Twitter stock fell after Elon Musk said deal is pending


Elon Musk said his deal to buy Twitter was pending, raising questions about the acquisition.


picture:

David Paul Morris/Bloomberg News

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Twitter company

TWTR -8.71%

Dropped at midday Friday after

Elon Musk

He said his deal to buy a social media company was hanging.

Twitter shares fell 6.9% to $41.99, on track to close at their lowest level since early April, just ahead of Mr. Musk. Surprise revealed 9% stake In the company.

Mr. Musk, CEO of

Tesla Corporation.

TSLA 7.95%

Last month Make a deal to buy Twitter And consider it special, capping a volatile month for the social media company and its stocks. But on Friday morning, he wrote on Twitter, “Twitter deal temporarily on hold, pending account details that spam/fake accounts already account for less than 5% of users.” He linked a May 2 Reuters report to a recent financial file on Twitter containing these statistics.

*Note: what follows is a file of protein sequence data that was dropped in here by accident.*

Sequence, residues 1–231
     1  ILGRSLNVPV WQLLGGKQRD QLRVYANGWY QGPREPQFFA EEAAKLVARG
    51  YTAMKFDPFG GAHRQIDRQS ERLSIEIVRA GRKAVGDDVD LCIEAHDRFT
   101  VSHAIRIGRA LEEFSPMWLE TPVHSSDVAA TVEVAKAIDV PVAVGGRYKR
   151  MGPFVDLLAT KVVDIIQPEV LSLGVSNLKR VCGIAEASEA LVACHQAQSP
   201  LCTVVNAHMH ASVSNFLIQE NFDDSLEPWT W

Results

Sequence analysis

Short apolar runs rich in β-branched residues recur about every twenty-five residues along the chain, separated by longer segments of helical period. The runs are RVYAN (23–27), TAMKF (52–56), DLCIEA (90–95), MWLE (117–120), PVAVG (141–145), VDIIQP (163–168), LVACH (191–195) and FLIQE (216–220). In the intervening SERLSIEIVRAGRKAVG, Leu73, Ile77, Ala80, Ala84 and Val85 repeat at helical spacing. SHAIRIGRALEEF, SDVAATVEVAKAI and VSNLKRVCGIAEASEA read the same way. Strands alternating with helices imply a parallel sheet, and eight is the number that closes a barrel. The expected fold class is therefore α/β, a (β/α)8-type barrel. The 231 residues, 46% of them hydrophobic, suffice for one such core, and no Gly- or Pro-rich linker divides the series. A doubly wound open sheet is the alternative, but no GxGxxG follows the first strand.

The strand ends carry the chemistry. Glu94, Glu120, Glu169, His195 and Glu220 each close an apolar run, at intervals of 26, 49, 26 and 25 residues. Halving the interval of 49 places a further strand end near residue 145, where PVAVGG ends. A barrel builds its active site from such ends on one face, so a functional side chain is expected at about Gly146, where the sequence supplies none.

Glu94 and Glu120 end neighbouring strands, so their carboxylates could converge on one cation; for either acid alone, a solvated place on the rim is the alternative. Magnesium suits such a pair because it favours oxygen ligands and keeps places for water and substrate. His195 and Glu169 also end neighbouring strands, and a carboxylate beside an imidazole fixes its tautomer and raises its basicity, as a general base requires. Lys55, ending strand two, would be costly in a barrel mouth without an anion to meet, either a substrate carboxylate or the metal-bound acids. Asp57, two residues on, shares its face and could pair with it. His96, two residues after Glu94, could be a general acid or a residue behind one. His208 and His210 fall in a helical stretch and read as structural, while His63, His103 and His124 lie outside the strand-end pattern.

Twitter shares fell as much as 26% in premarket trading on Friday, to $33.51, according to Dow Jones Market data.

Later Friday morning, Mr. Musk added on Twitter that he “remains committed” to the acquisition. This helped Twitter cut its losses.

Still, Twitter Stocks are trading now About 23% below the transaction price of $54.20 per share. The company’s shares have already been dropping recently, reflecting investor concerns about the prospects for the deal. Like many tech stocks, Twitter has been hit hard lately by a massive sell-off of riskier assets in the market.

Tesla shares jumped 5.8% at midday Friday.

Tesla shares have fallen since Twitter accepted Mr Musk’s takeover offer. Mr. Musk plans to borrow against his stake in Tesla to fund the deal. Tesla investors are also concerned that owning Twitter could distract Mr Musk from managing Tesla.

Elon Musk has established close ties with Beijing to build Tesla’s business in China. Now that it has bought Twitter and is focusing on free speech, The Wall Street Journal looks at how China is using the social media platform to promote its views, and why it raises such concern. Image caption: Sharon Shee

Write to Caitlin McCabe at caitlin.mccabe@wsj.com

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